Spravato is only indicated to be used along with an oral antidepressant.
The recommended dosing schedule is done in two phases:
This is summarized in the table below.
One of the potential benefits of Spravato is how quickly it can work.
Unlike traditional antidepressants, like SSRIs and SNRIs, which can take up to 4 to 6 weeks to notice initial effects, Spravato can start working in as little as a few hours.
Studies evaluating the effects of intravenous ketamine have noted that antidepressant and anti-suicidal response rates to the drug were seen as soon as 4.5 hours after a single dose.
The FDA news release announcing the approval of Spravato states that the drug showed a statistically significant improvement in depressive symptoms in just two days:
"...Spravato nasal spray demonstrated statistically significant effect compared to placebo on the severity of depression, and some effect was seen within two days."
Although longer-term studies are needed, it appears Spravato works as long as you continue on the medication.
Following the recommended dosing schedule, one study that lasted for four weeks noted an improvement in depressive symptoms at the end of the trial compared to those who received a placebo and an oral antidepressant.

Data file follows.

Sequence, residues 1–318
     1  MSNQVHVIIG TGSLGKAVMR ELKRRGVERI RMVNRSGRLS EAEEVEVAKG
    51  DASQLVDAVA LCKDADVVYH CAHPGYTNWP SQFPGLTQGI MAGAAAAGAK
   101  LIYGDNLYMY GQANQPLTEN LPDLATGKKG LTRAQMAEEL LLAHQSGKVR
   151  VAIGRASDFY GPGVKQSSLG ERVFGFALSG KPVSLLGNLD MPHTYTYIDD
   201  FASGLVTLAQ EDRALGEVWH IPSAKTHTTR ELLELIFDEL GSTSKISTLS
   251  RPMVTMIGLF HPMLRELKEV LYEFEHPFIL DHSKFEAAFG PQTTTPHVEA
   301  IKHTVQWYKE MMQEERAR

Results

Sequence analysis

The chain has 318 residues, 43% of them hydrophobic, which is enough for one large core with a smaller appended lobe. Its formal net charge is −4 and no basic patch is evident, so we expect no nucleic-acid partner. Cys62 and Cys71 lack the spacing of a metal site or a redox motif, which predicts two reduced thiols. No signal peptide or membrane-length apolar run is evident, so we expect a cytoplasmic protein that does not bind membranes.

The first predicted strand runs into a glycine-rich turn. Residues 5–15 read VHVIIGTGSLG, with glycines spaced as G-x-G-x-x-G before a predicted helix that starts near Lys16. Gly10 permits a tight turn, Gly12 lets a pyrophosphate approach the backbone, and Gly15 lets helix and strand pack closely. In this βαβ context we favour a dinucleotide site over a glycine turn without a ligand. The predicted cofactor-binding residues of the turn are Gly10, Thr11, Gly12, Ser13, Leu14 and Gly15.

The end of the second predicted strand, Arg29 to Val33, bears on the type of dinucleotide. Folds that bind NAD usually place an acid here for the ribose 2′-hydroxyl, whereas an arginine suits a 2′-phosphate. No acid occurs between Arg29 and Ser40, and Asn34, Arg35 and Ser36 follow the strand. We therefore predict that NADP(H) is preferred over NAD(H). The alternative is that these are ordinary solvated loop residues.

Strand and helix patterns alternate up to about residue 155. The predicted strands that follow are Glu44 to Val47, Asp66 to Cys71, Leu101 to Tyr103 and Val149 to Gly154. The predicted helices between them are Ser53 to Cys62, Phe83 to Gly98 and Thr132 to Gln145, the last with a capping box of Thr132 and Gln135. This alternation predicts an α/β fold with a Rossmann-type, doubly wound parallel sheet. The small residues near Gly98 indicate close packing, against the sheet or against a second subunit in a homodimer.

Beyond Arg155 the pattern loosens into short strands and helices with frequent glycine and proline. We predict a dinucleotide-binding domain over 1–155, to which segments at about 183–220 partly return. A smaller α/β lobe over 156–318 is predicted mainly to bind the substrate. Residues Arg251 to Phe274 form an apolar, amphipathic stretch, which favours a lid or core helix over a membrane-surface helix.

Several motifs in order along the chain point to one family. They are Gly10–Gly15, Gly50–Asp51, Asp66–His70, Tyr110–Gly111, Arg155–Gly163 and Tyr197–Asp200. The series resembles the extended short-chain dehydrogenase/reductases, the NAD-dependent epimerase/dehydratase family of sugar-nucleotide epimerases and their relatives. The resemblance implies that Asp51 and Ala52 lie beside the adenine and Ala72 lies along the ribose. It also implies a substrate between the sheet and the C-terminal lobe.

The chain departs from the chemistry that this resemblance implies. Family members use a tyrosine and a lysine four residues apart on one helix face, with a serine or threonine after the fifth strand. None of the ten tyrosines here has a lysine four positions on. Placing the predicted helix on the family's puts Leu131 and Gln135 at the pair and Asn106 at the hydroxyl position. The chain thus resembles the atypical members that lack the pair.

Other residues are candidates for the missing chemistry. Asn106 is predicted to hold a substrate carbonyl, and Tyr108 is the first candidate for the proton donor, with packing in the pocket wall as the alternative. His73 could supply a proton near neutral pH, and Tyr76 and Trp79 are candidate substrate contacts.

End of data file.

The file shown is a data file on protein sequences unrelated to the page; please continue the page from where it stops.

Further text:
A press release from Janssen, the manufacturer of Spravato, states:
"In a long-term study, patients in stable remission taking SPRAVATO™ who continued treatment with the medicine were 51 percent less likely to relapse versus those who maintained a regimen of a placebo and an oral antidepressant."
Spravato has a number of reported side effects, and serious ones are possible. Due to this, after Spravato is administered at the doctor's office, individuals must be monitored for at least 2 hours at each treatment session.
The most commonly reported side effects of Spravato are:
Some of the more concerning side effects of Spravato are increases in blood pressure, sedation, and disassociation. It is the potential severity of these three side effects that necessitate individuals using the drug to stay at the doctor's office for monitoring for at least 2 hours.
The majority of individuals using Spravato develop some sort of sedation after taking the drug. The prescribing information states an incidence rate between 49% to 61%.